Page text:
There are times I’ve cried – or snapped at someone inappropriately – less because of the current situation, but because it echoes unresolved and unresolvable issues from the past. Perhaps you’ve been there too? Sometimes we can’t even pinpoint where the hurt originates, it’s so deeply buried. But undefined pain is no less real.
That’s why my views on promoting mental well-being are at odds with the contemporary cult of positivity, useful as that is for some people in some situations some of the time. There are times we need to find the exit from unbridled negativity, but sometimes we need to pay more attention to our pain in order to leave it behind.
The pressure to be positive can in itself be a burden:
It feels weird to advocate for so-called negative emotions, but sometimes that’s what we need: to accept our feelings – whether welcome or not – as valid, and to be kind to ourselves when life feels hard. We can also go some way towards protecting ourselves by getting better acquainted with our vulnerabilities, not necessarily to fix them but to recognise them as part of who we are.
I consider this especially important for writers, as we often create from the vulnerable part of ourselves. If we don’t recognise the connection between the themes of our fiction and our personal issues, the emotions generated can come as a shock. Sometimes that’s cathartic, but we shouldn’t expect to delve into difficult subjects and emerge totally unscathed.
That’s why I’ll be addressing self-care for writers in an online workshop I’m running for those interested in writing about mental health. (Click on the image for more information.)
Sadly, the tyranny of positivity also infects mental health services, the very place where we’d expect emotional distress to be allowed to breathe. The first psychiatric patient I ever met still haunts me: lying in her hospital bed, she told me she couldn’t understand why she was depressed when she had a nice home and a nice husband and family. Still a student, I hadn’t the knowledge or skill to dig deeper. Given that she was scheduled for a lobotomy, I have to assume that none of the qualified staff had the capacity to look beyond the facade.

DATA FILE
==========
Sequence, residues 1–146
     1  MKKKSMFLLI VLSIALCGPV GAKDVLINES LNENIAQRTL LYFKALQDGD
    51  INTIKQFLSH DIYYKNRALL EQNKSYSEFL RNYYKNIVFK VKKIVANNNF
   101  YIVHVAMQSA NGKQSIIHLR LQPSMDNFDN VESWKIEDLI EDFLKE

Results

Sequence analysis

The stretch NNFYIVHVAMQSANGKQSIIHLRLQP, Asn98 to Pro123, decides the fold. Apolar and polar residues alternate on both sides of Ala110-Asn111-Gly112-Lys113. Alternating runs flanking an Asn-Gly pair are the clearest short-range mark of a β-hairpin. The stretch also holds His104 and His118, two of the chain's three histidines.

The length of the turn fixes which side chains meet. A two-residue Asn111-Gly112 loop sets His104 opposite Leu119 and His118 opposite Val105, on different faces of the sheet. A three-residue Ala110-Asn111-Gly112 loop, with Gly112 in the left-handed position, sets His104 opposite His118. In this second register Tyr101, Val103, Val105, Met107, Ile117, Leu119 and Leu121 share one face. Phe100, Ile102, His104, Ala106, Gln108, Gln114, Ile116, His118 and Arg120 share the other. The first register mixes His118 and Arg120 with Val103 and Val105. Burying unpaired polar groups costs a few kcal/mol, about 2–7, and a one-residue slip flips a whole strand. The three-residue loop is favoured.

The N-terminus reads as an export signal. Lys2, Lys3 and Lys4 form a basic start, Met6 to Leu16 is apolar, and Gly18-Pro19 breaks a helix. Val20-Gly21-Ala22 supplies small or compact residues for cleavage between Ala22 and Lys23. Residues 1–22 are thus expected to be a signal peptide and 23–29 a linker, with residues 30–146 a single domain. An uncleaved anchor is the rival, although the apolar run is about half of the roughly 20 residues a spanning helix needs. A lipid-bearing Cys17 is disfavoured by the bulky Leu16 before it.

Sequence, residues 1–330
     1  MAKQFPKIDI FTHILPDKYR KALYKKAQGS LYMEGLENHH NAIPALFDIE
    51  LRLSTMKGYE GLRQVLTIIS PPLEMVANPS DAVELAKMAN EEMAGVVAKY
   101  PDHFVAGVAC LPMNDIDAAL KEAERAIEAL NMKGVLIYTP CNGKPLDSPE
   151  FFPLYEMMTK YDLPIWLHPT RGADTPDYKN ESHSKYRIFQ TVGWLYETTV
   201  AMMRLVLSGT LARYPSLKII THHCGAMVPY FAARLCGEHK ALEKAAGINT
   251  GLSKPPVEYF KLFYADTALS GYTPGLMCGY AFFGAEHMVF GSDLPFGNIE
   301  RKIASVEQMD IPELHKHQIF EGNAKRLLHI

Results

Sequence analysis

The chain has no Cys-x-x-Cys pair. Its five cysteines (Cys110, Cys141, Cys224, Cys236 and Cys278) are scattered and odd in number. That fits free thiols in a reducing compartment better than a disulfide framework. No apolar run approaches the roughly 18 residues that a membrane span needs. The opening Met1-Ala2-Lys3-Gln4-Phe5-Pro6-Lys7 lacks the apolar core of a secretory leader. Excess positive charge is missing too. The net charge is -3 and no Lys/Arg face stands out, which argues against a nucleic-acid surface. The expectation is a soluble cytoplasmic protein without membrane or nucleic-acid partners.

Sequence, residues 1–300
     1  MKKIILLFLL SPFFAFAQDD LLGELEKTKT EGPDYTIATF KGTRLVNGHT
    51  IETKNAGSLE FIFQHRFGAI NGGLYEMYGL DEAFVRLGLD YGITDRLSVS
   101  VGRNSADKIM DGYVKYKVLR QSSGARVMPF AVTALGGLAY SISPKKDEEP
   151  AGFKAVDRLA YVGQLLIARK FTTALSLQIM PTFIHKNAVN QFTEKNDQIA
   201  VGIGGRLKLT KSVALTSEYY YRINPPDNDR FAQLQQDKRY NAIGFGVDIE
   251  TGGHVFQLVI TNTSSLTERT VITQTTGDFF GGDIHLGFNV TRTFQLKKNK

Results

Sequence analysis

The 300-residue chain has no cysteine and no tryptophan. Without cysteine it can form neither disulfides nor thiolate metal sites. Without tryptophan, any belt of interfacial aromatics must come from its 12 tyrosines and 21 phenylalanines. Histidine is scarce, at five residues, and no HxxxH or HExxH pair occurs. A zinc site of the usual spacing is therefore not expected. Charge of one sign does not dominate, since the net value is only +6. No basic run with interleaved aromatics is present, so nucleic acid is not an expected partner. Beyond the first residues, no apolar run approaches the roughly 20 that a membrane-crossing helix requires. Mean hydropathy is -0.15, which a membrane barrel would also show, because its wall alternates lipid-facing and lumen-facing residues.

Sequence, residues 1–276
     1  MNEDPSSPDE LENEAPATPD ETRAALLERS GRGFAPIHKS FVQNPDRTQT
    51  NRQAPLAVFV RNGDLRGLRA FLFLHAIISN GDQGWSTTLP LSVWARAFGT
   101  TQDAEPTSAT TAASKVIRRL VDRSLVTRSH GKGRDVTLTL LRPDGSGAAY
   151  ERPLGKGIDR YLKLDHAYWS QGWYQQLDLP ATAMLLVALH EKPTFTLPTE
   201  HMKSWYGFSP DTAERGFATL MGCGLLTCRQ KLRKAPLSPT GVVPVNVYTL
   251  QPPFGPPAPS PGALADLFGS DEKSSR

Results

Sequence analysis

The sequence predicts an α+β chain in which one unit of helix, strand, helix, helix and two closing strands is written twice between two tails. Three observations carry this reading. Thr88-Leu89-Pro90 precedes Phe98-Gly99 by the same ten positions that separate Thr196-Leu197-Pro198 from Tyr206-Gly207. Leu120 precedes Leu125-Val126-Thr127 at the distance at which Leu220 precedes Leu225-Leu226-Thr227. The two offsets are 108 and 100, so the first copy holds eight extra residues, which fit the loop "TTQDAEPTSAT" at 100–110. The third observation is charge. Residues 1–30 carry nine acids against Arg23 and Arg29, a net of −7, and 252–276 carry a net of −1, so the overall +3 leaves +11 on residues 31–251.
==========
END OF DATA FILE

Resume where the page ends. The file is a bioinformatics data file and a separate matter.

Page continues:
That experience, and my subsequent work in long-stay wards, has influenced my novella, Stolen Summers, published next month. Matilda has reason to grieve, but Ghyllside hospital can’t provide a compassionate receptacle for her tears. To celebrate World Mental Health Day on October 10th, the price is slashed for the entire month. It’s available for preorder now.
When I saw the prompt for this week’s flash fiction challenge, I immediately thought back to when I last cleaned my car. It must have been in early spring and there wasn’t only mud on the tyres but great clumps of it on the wheel arches too. That’s what you get when you go walking in the Peak District. My 99-word story is (sort of) about that.
She cursed when she saw the sign for the diversion, barely a mile from the edge of the moors. She took a chance and drove around it; the road crumbled beneath her wheels. She abandoned the car and stomped through the heather, the wind whistling around her ears.
She hadn’t come for answers. She hadn’t come to forget. But here in the moody landscape she could let her emotions roam free.
She returned to the parking place as darkness gathered. Footsore, hungry, tired. Mud on her boots, mud on her tyres, the ghost of a smile on her face.